UK regulator Ofcom has ruled that BT can hold onto its access network Openreach – as long as it accepts governance changes and agrees to be more open to giving competitors access.
The ruling comes in spite of mounting pressure to separate the two. In January Telecoms.com reported how 121 UK MPs had called for a forced sell off of Openreach.
Ofcom says it could still effect a separation in future if circumstances dictate. In response, however, BT’s chief executive warned that any changes to its relationship with Openreach could adversely affect investment and jeopardise Britain’s position in the broadband market.
In a statement Ofcom said that a review had led it to conclude that Openreach’s current governance lacks independence from BT and that it seems influenced to prioritise the interests of its parent company over market competition. The parent company BT retains control of Openreach and makes decisions and investment plans that don’t take any other users of the access network into consideration, which means BT can dictate conditions that affect its rival players, according to Ofcom.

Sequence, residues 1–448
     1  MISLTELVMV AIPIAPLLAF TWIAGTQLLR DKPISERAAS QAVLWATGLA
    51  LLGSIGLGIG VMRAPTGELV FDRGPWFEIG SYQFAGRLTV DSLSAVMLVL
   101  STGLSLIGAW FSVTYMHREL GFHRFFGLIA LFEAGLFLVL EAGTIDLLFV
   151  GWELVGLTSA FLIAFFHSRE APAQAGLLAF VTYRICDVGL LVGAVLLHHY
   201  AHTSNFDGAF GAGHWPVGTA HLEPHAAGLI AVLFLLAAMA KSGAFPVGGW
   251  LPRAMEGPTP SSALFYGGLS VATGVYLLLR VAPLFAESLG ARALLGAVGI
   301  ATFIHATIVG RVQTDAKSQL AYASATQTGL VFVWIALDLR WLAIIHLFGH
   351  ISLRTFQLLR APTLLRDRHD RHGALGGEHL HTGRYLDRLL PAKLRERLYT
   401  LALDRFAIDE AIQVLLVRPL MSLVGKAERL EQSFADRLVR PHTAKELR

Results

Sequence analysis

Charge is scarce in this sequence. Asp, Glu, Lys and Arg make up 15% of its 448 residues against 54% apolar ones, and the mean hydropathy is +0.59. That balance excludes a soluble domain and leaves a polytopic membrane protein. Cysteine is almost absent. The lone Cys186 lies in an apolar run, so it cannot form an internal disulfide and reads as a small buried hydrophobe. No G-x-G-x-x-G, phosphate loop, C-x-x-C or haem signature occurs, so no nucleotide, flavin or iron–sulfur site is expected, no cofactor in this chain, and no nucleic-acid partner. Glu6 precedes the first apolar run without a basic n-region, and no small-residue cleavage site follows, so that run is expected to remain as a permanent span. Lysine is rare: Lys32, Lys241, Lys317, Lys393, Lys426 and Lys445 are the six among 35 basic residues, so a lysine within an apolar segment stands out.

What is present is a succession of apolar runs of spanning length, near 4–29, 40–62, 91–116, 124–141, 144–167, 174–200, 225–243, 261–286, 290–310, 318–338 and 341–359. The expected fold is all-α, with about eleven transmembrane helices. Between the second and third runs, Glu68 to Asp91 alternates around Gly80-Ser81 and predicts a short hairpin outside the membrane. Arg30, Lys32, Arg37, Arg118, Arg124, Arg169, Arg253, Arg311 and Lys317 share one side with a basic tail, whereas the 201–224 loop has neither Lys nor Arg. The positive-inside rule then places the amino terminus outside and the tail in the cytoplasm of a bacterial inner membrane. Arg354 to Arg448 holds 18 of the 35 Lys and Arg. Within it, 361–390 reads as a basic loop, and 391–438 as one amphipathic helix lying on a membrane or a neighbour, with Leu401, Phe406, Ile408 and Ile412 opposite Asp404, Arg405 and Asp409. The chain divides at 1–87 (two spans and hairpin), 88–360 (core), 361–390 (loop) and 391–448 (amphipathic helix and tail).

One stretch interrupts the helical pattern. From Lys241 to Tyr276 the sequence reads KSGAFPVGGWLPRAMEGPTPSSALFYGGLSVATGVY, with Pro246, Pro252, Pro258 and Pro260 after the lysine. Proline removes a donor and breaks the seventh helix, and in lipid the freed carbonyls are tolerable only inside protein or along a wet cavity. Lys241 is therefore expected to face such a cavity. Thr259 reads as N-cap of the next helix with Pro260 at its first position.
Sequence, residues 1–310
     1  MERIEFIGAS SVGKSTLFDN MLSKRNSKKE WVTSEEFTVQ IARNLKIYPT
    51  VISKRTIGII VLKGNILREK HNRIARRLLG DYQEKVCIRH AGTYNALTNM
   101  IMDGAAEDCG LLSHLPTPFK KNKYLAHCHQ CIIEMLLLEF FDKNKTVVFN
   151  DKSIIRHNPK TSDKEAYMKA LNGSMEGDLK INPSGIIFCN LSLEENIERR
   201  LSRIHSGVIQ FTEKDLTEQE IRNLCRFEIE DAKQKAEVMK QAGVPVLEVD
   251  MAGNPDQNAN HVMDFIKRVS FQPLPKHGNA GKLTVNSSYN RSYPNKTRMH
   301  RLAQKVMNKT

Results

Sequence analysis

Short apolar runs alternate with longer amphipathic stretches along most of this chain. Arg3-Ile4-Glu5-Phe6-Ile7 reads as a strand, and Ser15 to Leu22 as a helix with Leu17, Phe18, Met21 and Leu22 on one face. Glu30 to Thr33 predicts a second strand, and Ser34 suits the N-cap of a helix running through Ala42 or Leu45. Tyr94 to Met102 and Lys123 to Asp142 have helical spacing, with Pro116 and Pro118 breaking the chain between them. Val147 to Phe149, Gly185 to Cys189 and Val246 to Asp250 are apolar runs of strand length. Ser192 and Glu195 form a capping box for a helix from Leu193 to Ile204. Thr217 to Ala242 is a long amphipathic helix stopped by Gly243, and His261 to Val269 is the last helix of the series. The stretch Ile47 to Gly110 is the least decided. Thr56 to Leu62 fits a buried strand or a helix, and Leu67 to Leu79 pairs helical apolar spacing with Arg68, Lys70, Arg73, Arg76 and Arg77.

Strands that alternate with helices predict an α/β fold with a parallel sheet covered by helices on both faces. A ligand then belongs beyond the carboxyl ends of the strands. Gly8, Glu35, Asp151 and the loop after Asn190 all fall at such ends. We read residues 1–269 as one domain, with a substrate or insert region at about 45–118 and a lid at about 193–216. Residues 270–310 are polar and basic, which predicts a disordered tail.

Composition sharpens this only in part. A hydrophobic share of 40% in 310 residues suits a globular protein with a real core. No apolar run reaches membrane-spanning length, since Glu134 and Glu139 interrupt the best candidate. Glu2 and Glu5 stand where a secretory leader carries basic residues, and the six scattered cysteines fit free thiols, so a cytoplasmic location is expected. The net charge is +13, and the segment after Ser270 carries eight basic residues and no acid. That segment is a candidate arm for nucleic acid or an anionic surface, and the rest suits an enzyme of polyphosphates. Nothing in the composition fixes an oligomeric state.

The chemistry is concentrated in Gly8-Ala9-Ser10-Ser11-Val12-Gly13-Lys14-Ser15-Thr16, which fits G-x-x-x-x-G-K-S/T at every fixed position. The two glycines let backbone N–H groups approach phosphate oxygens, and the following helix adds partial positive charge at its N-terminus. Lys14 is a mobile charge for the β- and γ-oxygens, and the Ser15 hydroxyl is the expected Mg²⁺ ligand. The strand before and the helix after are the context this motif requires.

The regulator ruled that this imbalance of power could be alleviated without forcing BT and Openreach to be split. Instead, Ofcom decided Openreach’s independence from BT must be strengthened through governance. “Openreach needs to take its own decisions on the deployment of new networks,” said Ofcom in a statement.
Openreach must open its ducts and poles so rival operators can build their own fibre-to-the-premises (FTTP) networks and make it much easier for competitors to access its network. The governance changes mean it must provide full data on the nature and location of the ducts and poles. Rival operators will now sit in on investment planning and Ofcom promised to legislate for ‘greater transparency’ over the demarcation of assets between Openreach and BT.
Details of how Openreach will become what Ofcom described as a ‘ring-fenced, wholly-owned subsidiary of BT Group’ were promised by the regulator for later this year. Ofcom said it reserves the right to make BT spin off Openreach as an entirely separate legal entity.
However, in a statement released by BT, chief executive Gavin Patterson suggested a change to the governance to BT and Openreach could damage Britain’s economy.
Openreach is already one of the most heavily regulated businesses in the world, said Patterson.
“The UK is ahead of its European peers when it comes to superfast broadband and we want it to maintain that position. That is why BT is keen to make significant additional investments over the next five years and beyond,” said Patterson. “That requires a high degree of regulatory clarity and certainty, something that is missing at present.
“Our proposal includes a new governance structure for Openreach as well a clear commitment on investment. Openreach is already one of the most heavily regulated businesses in the world but we have volunteered to accept tighter regulation to bring matters to a clear and speedy conclusion.